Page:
WASHINGTON -- In elections that begin next week, voters in 10 states will be required to present photo identification before casting ballots -- the first major test of voter ID laws after years of legal challenges arguing that the measures are designed to suppress voting.
The first election is March 4 in Texas, followed by nine other primaries running through early September that will set the ballot for the midterm elections in November, when voters decide competitive races for governor and control of Congress. The primaries will be closely watched by both sides of the voter ID debate, which intensified in 2011, the year after Republicans swept to power in dozens of statehouses.
For months, election workers have been preparing new voting procedures, while party activists and political groups seek ID cards for voters without them.
The debut of the new laws in a few smaller-scale elections over the last year has already exposed some problems, such as mismatched names, confusion over absentee-voting provisions and rules that require voters to travel great distances to obtain proper documentation. In one case, voters had no recourse if their credentials were challenged.
"Unless people are paying attention, and a lot of them aren't, they don't even know this law exists," said Brian Schoenman, secretary of the elections board in Fairfax County, Va., a Washington, D.C., suburb.
Supporters of the measures, mostly Republican conservatives, contend that the ID checks protect against fraudulent voting and thus help build trust in government. Critics see them as a way of discouraging voters who lack picture IDs and might be more likely to support Democrats.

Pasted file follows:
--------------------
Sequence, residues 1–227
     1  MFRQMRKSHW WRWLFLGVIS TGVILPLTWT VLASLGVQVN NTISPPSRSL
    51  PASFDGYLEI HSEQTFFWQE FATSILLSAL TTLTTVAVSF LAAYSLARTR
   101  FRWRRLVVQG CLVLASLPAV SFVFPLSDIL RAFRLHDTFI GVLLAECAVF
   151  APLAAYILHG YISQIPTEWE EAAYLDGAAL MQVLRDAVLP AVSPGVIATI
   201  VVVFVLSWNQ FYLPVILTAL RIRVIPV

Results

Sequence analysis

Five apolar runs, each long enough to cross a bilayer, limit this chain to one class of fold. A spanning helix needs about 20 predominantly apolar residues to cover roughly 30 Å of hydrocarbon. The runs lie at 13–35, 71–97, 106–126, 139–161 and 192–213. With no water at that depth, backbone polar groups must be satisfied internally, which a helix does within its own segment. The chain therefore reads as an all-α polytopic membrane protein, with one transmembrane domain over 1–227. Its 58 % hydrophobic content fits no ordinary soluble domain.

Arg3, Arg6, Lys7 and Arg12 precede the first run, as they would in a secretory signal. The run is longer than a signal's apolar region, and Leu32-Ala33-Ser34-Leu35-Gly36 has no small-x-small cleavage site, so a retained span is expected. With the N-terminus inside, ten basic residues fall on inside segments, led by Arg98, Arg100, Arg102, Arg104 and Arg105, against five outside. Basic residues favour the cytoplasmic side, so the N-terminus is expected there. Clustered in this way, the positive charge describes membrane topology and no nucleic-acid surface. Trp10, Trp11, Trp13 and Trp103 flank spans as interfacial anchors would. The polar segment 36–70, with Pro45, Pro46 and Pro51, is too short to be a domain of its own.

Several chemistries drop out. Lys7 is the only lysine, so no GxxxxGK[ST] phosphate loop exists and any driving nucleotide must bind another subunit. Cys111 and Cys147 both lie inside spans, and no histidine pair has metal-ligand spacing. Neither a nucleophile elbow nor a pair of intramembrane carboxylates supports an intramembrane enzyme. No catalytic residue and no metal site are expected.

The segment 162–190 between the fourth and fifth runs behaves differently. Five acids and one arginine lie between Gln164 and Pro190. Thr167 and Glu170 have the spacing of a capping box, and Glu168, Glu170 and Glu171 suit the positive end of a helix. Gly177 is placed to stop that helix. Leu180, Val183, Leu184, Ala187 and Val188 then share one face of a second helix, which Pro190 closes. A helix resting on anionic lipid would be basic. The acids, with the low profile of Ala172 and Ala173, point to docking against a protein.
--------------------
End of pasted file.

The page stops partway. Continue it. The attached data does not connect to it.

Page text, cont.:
The U.S. Supreme Court ruled in 2008 that states can require voters to produce photo ID at the polls without violating their constitutional rights. And last year, the high court threw out a key part of the landmark Voting Rights Act, a decision that allowed voter ID laws to take effect in states where voting procedures had been under strict federal oversight for nearly 50 years.
Georgia and Indiana adopted some of the first voter ID laws. This year, in addition to the Texas law, new or stricter photo-identification voting laws take effect in Alabama, Arkansas, Mississippi, New Hampshire, North Dakota, Oklahoma, Rhode Island, Tennessee and Virginia.
Pennsylvania and Wisconsin have approved similar action, but those measures are on hold because of court challenges. In Mississippi, black lawmakers have asked Attorney General Eric Holder to block their state's law.
When Arkansas held a special legislative election in January, dozens of mail-in absentee votes were thrown out after voters failed to include a copy of their photo ID with their ballot. The Arkansas law, passed over Democratic Gov. Mike Beebe's veto, did not address absentee voting.